Biofuels, hybrids or herbivores

South Park parodied hybrid car owners creating clouds of ‘smug’, but do they really have anything to be smug about? In the battle against man-made global warming and reducing pollution ethanol powered cars, not hybrids, are touted the way to go and politicians and the environmentally conscious alike are jumping on the bandwagon.

There is no doubt that ethanol burns far more cleanly than diesel or petrol — we could radically reduce the pollutants in our atmosphere by switching. Or can we? You see, to create ethanol, crops need to be grown. Because ethanol is not as potent as petrol, more ethanol is burned per kilometre. It takes between 75-90% of the energy yielded from ethanol to actually grow it — ploughing, harvesting, processing and shipping all add up — and ethanol still releases a lot of carbon dioxide. Then there’s the environmental destruction caused by the conversion of land to biofuel production. This either takes forests or fallow land, or removes land from the general agriculture pool which pushes up food prices. Both of these reduce biodiversity. Add to that the increased erosion, fertiliser pollution and waterway silting and the argument for ethanol is fizzling rapidly.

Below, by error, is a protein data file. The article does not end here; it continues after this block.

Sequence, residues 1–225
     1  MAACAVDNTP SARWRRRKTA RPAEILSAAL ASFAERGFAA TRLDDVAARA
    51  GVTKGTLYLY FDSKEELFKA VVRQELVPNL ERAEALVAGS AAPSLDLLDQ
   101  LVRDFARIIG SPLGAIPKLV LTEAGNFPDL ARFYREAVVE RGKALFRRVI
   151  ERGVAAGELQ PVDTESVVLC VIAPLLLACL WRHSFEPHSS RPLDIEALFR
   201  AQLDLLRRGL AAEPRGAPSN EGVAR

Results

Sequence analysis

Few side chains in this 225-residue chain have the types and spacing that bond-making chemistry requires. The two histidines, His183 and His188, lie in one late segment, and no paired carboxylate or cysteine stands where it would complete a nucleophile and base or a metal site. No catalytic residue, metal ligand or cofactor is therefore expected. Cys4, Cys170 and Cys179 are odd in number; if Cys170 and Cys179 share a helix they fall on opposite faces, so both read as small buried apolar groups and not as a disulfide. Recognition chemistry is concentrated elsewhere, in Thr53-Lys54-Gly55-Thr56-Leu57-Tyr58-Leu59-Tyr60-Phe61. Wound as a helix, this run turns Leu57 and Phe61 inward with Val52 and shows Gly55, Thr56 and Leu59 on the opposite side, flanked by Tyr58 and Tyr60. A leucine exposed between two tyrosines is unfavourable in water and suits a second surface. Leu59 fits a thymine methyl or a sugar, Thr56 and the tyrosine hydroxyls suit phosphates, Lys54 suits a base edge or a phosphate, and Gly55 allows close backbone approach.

Even if we manage to eek out a saving using hybrids as opposed to ethanol, at best these cars get only marginally better fuel economy than, for example, a diesel VW Polo, and they take as much if not more toxic metals and fossil fuels to produce. The most we can hope for is a fraction of a percent reduction.

There is one radical change we can make, though. Cows, sheep, pigs and chickens account for a whopping 9% of GHG emissions, but 18% of the GHG effect (methane from farts is over 20 times more damaging than carbon dioxide in terms of its global warming potential). So, would a better solution to reduce greenhouse gases be to change to a diet of lentils and beans? Our own emissions might then match those of the livestock! It’s a no-win situation, then, so where’s my chicken sandwich.

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